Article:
‘Oh, I feel so hurt’. ‘This doesn’t look like it.’ ‘Why are things so shallow’. ‘Hmm, maybe, this too shall pass.’ ‘He spoke in a raised voice, that shattered me, now that I realise – this seems to linger more than I thought.’

Ever felt this?

I have. Deeply. Immersively. And, achingly.

Well, maybe because I feel things fast. Credits: Doing twice day meditation everyday – kinda purges you on a cellular level.

Convincingly, meditation does make us more sensitive. But, hey, we can’t stop feeling and ‘processing’.

We all have expectations – be it on the work front or our lives. And no matter how much we assume ourselves to ‘look forward to’, we land up expecting, and then when we meet the reality, we feel hurt.

Sensitivity is an emotional strength grounded in spirituality. 

Then why do people still think having a ‘thick skin’ at work and life will let us pass it by?

Sticking in your job, just because you could endure, in my opinion is not the sensible way of processing emotions. Why? Because in the long-term, it gets stored in our cellular memory only to haunt us in unhealthy ways. Bearing with a toxic person, only harms us in the long term. So when we give weak names to sensitivity or how it embodies in the workplace, take a deep look at what will happen when we don’t have sensitive people who pick up emotions and make a workplace more heard, accepted and respected.

Humans are wired for connection, empathy and relatedness. 

And, sensitive people make things easy and comforting for people to be themselves.

Isn’t that sublime and relieving? Especially when we all work to make our ends meet and in that time also make sense of our daily emotions and how we channelize them to create our best work?

Now, this is not to say that sensitive people are not logical.

In fact, sensitive people are sensible emotional processors and help us think logically in the long-term. Over a period of time, we experience the different hues of sensitivity, but in collective, it makes us so much more human, and able, and kind, and giving.

So how can we embrace sensitivity with acceptance, love, and foresight?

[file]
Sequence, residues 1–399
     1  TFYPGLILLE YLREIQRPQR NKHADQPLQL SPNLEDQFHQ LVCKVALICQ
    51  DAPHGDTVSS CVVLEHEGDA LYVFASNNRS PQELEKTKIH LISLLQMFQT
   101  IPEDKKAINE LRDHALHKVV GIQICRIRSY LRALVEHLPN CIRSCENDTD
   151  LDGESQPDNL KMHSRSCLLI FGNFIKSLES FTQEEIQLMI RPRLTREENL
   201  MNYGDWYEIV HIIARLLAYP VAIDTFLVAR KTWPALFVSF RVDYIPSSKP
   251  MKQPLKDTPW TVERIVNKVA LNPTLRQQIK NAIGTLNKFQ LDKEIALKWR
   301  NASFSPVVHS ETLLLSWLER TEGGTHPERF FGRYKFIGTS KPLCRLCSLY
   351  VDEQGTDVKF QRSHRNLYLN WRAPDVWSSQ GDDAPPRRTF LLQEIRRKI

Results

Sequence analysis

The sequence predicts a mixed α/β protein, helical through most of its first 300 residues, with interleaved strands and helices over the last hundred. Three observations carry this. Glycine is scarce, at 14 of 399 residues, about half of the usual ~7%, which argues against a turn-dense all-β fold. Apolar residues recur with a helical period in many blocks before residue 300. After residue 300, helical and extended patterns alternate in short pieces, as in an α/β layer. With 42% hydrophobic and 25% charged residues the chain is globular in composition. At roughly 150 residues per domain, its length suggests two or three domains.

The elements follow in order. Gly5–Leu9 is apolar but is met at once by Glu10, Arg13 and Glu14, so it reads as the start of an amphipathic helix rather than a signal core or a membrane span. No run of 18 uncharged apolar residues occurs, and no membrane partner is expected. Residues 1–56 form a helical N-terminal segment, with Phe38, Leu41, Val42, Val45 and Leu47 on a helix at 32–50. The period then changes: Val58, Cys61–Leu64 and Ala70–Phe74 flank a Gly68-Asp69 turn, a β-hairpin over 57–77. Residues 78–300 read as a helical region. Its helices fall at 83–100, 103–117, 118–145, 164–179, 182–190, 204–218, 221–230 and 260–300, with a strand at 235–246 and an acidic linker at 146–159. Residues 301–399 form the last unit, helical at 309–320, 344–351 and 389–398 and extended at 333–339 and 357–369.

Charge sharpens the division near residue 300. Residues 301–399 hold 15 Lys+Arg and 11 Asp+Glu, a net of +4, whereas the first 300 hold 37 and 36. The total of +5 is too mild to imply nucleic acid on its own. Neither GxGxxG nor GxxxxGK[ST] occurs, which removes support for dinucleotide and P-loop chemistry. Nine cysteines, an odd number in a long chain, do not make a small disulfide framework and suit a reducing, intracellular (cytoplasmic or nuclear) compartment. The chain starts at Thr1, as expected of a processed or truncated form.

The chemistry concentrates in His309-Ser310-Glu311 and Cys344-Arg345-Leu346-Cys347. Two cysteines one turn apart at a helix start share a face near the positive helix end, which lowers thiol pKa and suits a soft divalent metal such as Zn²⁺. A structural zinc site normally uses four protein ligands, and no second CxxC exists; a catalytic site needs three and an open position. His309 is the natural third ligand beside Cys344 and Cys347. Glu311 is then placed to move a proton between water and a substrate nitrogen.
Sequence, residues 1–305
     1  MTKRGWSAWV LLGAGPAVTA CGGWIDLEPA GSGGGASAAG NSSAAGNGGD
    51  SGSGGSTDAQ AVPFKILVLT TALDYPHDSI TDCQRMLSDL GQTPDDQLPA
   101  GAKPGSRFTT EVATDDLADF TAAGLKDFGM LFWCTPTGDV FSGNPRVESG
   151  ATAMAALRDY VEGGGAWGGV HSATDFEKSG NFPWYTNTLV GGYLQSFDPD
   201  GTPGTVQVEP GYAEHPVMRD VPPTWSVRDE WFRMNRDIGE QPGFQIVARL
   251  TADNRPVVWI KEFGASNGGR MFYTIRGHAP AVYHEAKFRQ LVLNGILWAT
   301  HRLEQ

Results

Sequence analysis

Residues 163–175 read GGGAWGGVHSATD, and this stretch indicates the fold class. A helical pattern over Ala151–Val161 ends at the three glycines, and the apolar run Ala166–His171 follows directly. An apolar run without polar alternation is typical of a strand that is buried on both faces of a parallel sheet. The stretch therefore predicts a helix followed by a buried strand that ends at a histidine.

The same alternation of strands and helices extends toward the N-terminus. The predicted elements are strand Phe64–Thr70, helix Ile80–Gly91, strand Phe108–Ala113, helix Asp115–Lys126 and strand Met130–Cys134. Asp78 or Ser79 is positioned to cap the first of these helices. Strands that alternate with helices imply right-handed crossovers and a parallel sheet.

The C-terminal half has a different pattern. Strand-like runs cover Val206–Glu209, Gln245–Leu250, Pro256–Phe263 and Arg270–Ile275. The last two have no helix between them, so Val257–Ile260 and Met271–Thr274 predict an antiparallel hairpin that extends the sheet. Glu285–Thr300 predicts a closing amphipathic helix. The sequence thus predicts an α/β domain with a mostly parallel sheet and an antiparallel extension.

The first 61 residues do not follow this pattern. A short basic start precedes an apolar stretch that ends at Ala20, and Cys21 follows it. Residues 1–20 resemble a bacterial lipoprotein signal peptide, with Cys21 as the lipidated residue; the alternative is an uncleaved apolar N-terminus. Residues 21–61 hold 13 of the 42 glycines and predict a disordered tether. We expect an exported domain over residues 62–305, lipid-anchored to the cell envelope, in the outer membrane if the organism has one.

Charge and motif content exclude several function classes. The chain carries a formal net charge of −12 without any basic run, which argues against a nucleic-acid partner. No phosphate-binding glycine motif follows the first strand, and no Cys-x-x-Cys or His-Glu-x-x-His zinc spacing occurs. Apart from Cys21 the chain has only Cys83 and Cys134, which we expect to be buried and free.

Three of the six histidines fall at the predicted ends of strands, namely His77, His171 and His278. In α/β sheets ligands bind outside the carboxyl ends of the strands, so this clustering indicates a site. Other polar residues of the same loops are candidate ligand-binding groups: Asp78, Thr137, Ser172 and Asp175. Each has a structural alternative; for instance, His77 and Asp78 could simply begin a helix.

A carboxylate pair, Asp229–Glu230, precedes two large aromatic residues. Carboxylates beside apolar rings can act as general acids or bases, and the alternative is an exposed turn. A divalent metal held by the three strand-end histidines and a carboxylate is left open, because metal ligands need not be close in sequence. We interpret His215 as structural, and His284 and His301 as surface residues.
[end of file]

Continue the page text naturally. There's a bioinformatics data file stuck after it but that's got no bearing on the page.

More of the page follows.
1. Give yourself the permission to not be available for some time in a week. This just means to take some time out for yourself for personal pursuits. It could be writing a blog on mental health, or spending some quality time with your parents, or doing something that nourishes you from within. Being sensitive also makes you sensitive to what time you are giving, and to who. It does make  you picky but in a good way. This restoration helps you become stronger and at the same time more receptive to the people around you.
  2. Observe what it is…to be sensitive and the view it beholds. You see, observation can solve many problems – business and personal – once we don’t get to overthink but to simply welcome it as a part of our larger worldview. After all, aren’t we all observing something at a given point? Say a welcoming sunset, the warm energy of an embrace from our spouse, or a struggling single-mom giving herself the second innings in a deservingly well manner? These miniature moments form our views, so acceptingly diverse and comfortingly human. And slowly, we can sense them in others around us. 
  3. Understand that writing is the sensible listening (yes, you are a writer). Writing shapes an empathic mind and a compassionate thinking. Once you write how you feel, you feel better and heard by yourself. Imbibe a culture of expression at your workplace. This has lasting benefits in your personal life. How?  Say, when you write that gratitude note to your colleague. Or, when you felt like speaking at the Townhall about the mental health benefits of monthly retreats (yes, that can be expensive, but not more than a healthy thought). Or simply asking questions in meetings no matter how stupid they sound on face value. Now, pair this sensitivity with the intention to truly help your coworkers, founders and customers through the power of emoting yourself with a string of words. Don’t worry about the grammar, just think about your intention and let it flow to your world. That’s the underrated power of embracing sensitive people at your workplace.

Photo by Timothy Eberly on Unsplash